The second thing was I found a nugget of gold during my late night internet quests.  I came across an article…  this one to be exact http://www.flylady.net/d/getting-started/flying-lessons/dressed-to-shoes/ and something about it resonated with me. In a nutshell it was someone telling me to get my shit together.  Kind of like how your mom tells you to clean your room each day and make your bed.  The author told me to get up and get myself dressed every damn day.   IF I  COULD get up early and get ready down to my shoes, I could tackle anything.  Stella got sick – I got it.  She cried all day? I can handle it.  The pipes on the third floor exploded and leaked into Stellas nursery while your husband was in China – no problemo! (Ps yes THAT happened).  It was like putting my armor on every day.  It was my war paint AND war shoes.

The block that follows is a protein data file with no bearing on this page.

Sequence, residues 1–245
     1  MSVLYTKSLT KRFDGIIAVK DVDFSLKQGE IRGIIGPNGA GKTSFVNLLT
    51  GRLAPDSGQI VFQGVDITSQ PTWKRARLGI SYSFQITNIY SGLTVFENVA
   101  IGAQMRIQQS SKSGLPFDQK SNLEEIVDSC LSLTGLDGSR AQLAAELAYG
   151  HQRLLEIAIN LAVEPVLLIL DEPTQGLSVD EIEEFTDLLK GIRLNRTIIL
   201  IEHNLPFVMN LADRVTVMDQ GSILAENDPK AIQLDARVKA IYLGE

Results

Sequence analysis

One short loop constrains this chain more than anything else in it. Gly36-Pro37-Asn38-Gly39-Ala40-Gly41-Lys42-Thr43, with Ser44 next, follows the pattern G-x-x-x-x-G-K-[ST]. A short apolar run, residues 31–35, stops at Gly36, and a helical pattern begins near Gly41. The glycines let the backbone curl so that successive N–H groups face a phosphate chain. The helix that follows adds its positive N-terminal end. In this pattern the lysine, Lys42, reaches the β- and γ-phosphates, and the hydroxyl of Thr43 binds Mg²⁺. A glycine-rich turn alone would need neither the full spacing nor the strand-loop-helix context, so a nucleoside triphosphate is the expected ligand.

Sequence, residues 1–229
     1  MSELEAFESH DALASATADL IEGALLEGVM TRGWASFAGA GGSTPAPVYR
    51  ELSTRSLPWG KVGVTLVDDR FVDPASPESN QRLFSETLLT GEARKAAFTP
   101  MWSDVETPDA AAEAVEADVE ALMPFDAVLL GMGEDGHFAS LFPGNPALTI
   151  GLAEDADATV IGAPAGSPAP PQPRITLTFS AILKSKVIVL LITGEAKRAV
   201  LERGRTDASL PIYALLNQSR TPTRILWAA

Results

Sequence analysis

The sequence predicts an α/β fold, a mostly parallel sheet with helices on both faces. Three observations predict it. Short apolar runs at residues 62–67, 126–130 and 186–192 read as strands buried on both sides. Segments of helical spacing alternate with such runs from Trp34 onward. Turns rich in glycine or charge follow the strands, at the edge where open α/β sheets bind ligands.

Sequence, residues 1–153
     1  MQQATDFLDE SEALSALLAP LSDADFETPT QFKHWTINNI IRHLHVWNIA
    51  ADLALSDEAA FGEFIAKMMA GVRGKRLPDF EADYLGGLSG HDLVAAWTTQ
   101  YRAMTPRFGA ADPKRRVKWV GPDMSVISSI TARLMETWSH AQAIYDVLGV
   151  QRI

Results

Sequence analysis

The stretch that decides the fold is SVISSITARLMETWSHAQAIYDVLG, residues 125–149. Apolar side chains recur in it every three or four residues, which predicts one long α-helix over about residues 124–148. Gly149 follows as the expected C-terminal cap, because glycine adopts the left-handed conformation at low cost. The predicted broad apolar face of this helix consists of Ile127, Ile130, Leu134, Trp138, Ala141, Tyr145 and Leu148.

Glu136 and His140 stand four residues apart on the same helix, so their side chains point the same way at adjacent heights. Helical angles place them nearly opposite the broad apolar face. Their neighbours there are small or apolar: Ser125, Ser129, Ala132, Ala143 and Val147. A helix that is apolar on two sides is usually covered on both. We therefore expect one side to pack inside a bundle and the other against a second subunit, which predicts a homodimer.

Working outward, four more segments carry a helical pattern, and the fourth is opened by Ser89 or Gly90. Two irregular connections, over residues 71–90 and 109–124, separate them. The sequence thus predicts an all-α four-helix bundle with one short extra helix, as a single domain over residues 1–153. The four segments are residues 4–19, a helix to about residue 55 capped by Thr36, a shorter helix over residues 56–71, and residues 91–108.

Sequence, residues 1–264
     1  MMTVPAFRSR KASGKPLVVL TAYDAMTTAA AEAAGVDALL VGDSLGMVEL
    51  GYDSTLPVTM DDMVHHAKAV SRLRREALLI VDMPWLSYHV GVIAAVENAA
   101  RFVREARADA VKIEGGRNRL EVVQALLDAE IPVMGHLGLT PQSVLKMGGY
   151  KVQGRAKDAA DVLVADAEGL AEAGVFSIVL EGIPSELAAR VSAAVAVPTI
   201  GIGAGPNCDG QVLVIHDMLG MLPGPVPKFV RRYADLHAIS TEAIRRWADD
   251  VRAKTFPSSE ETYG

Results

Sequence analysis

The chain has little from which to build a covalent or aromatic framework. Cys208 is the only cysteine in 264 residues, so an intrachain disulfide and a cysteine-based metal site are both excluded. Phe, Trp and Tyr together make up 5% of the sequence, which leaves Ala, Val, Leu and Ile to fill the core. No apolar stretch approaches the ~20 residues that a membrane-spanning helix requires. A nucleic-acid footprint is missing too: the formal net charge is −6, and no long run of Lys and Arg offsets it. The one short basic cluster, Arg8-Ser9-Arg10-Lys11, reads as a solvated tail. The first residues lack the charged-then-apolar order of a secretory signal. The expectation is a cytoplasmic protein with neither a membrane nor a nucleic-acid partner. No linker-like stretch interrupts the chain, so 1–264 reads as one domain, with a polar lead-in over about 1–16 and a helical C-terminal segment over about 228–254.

Finally the last thing I needed was a schedule.  I needed to control something.  I needed to be able to count on at least when Stella would wake up and when she would go to sleep.  I needed structure.  Along the way in the early months of motherhood everyone hears about the best ways to get your child to sleep and partnering methods “Cry it out”, “Ferber”, “baby-wise”, “attachment/co-sleeping” etc.  For me the answer was 12 hours in 12 weeks.  Here is the link https://www.amazon.com/s/?ie=UTF8&keywords=12+hours+by+12+weeks&index=aps&tag=hydsma-20&ref=pd_sl_26rw0sgqe3_e&adgrpid=55211555679&hvpone=&hvptwo=&hvadid=274692214524&hvpos=1t1&hvnetw=g&hvrand=6324815803666106169&hvqmt=e&hvdev=m&hvdvcmdl=&hvlocint=&hvlocphy=9001896&hvtargid=kwd-339743498354 I read the book cover to cover.  Took notes, discussed with Bo – we decided the hours we wanted were 6:30 pm to 6:30 am, and on Christmas Eve Stella slept in her crib for the first night ever and we were on our way to teaching her lovingly how to sleep, continuously for 12 hours.